In any case it has to be stressed that the links that have been established between Cuba and Venezuela are different from those that existed with the USSR. Because it is a question of links between two revolutionary processes, one which is already consolidated and another which is beginning. Both of them are authentic revolutions. With the USSR, on the contrary, it was a question of relations between states, and of unequal relations.
The dynamic of the Venezuela-Cuba tandem, the possible integration of Bolivia into the process that is under way, actualizes the permanent revolution and enables us to lay the foundations of a relationship that is going in the direction of building a real united front.
Rouge: Why does Trotsky’s theoretical contribution seems so important to you?
Hart: In Cuba we have been living through a process of permanent revolution since the Moncada.
The continuity of the revolution, the question of its deepening, were at the center of the thinking of Cuban revolutionaries, and especially of the July 26 Movement. First of all Mella, then Guevara, were accused of being “Trotskyists.” They weren’t, but the accusations had a rational kernel, because they were oriented towards the permanent revolution even without having read Trotsky. The permanence of the Cuban revolution is in the ideas of the Left Opposition.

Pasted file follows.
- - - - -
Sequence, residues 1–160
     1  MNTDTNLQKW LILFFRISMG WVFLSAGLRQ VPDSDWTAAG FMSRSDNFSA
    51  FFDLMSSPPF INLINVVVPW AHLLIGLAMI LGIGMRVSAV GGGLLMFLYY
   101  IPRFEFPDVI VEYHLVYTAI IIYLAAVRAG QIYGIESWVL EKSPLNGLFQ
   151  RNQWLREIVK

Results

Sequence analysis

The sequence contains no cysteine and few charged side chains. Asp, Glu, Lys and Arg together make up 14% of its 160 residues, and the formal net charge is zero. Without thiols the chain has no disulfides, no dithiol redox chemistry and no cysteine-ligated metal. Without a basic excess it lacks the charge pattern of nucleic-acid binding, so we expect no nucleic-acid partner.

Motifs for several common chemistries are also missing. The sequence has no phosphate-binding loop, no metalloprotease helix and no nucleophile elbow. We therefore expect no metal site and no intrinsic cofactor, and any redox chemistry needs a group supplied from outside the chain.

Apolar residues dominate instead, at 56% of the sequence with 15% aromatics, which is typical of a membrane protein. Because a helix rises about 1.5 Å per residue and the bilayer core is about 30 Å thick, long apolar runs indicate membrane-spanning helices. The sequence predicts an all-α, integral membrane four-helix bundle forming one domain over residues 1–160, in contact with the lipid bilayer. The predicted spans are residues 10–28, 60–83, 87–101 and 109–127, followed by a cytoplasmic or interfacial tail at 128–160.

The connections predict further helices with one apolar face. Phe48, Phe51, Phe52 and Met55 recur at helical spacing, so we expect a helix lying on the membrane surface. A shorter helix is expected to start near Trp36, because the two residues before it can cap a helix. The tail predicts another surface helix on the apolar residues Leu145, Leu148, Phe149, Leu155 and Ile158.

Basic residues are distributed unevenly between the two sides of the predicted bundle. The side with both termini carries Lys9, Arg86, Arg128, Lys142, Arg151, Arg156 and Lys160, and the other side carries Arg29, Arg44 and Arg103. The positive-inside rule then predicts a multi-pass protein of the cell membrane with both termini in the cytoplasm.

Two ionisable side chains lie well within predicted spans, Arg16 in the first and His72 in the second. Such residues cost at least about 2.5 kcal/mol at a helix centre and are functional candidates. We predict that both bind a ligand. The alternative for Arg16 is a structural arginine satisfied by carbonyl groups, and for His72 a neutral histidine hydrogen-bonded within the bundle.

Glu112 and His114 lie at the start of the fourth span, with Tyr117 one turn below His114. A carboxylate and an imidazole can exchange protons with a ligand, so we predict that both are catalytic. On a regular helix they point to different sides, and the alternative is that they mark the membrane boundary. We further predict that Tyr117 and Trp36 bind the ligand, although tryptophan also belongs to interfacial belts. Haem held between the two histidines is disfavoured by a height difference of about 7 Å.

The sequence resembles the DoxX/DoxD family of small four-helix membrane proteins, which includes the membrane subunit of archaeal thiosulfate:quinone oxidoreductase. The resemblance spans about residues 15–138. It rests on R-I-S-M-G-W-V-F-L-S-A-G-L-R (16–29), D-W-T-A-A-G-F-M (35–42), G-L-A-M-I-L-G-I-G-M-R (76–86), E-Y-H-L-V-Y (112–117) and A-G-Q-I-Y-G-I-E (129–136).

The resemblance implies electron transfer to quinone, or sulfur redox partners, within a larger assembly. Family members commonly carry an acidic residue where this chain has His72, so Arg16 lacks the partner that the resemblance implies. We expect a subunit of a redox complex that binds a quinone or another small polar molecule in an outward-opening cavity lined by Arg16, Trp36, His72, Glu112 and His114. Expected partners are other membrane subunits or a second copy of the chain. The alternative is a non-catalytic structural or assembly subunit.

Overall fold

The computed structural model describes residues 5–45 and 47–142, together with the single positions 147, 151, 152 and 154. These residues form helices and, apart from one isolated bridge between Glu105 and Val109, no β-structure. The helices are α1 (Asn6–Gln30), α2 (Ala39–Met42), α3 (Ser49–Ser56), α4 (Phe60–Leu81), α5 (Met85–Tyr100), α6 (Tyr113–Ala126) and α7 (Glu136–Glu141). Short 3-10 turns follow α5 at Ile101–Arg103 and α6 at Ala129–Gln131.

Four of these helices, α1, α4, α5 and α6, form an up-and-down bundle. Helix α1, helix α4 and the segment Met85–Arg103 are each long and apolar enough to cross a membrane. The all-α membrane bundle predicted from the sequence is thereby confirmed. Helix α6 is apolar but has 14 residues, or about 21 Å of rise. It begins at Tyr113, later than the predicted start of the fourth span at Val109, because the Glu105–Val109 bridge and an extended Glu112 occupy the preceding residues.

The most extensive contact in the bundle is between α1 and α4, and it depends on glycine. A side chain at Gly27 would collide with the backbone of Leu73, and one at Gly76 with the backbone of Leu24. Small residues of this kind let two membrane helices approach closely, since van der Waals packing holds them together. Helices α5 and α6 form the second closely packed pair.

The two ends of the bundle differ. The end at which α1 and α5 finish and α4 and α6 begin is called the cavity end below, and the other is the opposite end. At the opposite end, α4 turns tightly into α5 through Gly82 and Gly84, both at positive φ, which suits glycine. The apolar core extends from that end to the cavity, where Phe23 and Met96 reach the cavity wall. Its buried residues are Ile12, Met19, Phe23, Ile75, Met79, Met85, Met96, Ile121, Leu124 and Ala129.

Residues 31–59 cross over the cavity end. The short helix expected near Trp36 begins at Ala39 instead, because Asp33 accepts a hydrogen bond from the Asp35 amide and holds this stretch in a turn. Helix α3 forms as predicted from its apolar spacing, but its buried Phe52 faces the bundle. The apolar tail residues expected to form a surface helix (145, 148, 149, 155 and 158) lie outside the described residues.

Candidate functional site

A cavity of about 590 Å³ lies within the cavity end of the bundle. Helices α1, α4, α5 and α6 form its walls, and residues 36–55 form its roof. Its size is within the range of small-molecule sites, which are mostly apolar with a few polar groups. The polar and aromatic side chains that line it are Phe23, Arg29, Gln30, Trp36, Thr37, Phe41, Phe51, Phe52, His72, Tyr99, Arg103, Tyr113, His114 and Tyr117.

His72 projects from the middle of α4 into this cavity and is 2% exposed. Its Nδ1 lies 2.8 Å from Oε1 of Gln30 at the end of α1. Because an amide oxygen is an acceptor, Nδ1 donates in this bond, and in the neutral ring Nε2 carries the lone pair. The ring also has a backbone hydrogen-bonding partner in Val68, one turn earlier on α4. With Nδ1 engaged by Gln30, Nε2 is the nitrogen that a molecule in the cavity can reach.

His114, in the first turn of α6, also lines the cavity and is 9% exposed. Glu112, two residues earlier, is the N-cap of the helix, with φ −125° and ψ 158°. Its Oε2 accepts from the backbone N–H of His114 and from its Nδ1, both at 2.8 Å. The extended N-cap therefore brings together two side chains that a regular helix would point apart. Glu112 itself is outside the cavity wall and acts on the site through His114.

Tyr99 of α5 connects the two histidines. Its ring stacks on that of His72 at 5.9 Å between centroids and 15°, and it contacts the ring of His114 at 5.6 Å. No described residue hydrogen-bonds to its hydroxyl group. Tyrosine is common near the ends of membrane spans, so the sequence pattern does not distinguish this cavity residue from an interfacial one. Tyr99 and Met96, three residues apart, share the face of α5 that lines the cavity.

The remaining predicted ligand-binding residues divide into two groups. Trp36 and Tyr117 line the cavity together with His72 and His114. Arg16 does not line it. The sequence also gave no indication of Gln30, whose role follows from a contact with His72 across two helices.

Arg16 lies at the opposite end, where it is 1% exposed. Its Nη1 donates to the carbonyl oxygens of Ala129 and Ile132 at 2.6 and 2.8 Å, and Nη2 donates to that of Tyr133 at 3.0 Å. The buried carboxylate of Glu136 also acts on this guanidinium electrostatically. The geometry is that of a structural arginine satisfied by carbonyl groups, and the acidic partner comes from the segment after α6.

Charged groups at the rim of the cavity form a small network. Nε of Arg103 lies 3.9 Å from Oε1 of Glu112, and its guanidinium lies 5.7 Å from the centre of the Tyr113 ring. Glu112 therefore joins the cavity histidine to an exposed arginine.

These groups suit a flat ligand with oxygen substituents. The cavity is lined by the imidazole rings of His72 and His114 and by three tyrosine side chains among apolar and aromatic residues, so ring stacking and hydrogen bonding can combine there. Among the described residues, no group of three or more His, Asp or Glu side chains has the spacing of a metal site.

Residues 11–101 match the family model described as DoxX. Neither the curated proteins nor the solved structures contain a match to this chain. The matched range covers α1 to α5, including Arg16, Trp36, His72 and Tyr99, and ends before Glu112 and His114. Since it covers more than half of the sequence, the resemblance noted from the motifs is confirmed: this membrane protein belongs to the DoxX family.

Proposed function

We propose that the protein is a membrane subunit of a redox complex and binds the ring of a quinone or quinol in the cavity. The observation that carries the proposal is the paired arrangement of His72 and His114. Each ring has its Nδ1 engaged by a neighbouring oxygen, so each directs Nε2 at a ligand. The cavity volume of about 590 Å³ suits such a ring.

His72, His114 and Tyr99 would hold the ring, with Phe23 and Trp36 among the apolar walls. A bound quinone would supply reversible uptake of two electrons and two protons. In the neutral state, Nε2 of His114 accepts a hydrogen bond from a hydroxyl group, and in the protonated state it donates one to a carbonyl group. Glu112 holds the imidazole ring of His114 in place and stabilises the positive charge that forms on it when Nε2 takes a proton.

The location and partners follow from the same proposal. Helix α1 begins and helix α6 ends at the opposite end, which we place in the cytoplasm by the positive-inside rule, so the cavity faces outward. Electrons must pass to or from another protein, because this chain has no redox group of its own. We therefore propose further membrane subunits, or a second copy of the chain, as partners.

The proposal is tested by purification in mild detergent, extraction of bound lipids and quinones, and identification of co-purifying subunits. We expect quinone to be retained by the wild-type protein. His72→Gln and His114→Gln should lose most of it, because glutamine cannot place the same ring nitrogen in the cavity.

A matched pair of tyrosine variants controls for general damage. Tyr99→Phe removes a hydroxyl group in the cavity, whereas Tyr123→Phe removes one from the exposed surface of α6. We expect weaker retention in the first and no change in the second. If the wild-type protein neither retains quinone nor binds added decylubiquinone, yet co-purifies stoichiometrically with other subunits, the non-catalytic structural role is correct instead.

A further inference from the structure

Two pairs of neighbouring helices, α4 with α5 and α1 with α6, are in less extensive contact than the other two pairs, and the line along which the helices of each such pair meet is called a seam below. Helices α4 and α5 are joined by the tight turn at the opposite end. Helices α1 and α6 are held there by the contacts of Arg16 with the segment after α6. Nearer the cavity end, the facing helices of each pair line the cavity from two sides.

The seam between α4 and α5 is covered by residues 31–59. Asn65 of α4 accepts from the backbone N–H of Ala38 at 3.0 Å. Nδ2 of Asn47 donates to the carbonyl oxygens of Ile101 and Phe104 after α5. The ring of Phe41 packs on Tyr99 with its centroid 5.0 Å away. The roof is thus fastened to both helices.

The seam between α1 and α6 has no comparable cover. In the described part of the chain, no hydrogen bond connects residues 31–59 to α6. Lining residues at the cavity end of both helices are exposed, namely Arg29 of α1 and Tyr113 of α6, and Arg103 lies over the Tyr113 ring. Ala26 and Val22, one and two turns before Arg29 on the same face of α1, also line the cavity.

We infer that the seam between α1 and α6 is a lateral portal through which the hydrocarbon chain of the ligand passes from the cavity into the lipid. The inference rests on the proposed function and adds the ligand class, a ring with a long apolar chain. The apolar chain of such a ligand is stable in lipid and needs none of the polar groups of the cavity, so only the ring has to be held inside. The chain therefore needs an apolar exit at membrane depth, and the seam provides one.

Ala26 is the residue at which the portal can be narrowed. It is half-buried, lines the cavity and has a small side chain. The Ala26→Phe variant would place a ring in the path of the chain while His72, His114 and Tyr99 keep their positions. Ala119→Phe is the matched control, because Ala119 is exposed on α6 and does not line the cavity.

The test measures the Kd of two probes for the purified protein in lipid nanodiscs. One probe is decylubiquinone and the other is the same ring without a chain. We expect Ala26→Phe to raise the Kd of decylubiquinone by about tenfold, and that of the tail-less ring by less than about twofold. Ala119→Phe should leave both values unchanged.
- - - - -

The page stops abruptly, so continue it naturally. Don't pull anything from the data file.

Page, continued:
In Cuba, anti-Stalinist feeling has always existed, because people thought that communism was the Stalinism of the Communist Party. And the [Stalinist] Party was one of the last to join the revolution…. But when Fidel announced in 1961 the socialist character of the Cuban revolution, people said: “‘If Fidel is a communist, you can sign me up too.”
I always felt that there was something missing in my thinking about the revolution. That’s what I’ve found through reading Trotsky: I discovered that social justice and individual freedom were not contradictory and that we weren’t condemned to choose between them; that socialism could only be built by walking on both feet.
Celia Hart, who is a physicist, a writer, and a member of the Cuban Communist Party, has described herself as a “freelance Trotskyist” since discovering Trotsky’s writings when she was studying physics in East Germany in the 1980s. At that time she could see at first hand to what extent this so-called “really existing socialism” was; a society in decadence and without a future. Daughter of two historic leaders of the Cuban revolution, Haydée Santamaria and Armando Hart, Celia Hart was lucky enough on returning from the GDR to be able to find the writings of Isaac Deutscher1 in her father’s library.
—International Viewpoint, May 2006
1 Isaac Deutscher wrote a three-volume political biography of Leon Trotsky, The Prophet Armed, The Prophet Unarmed and The Prophet Outcast.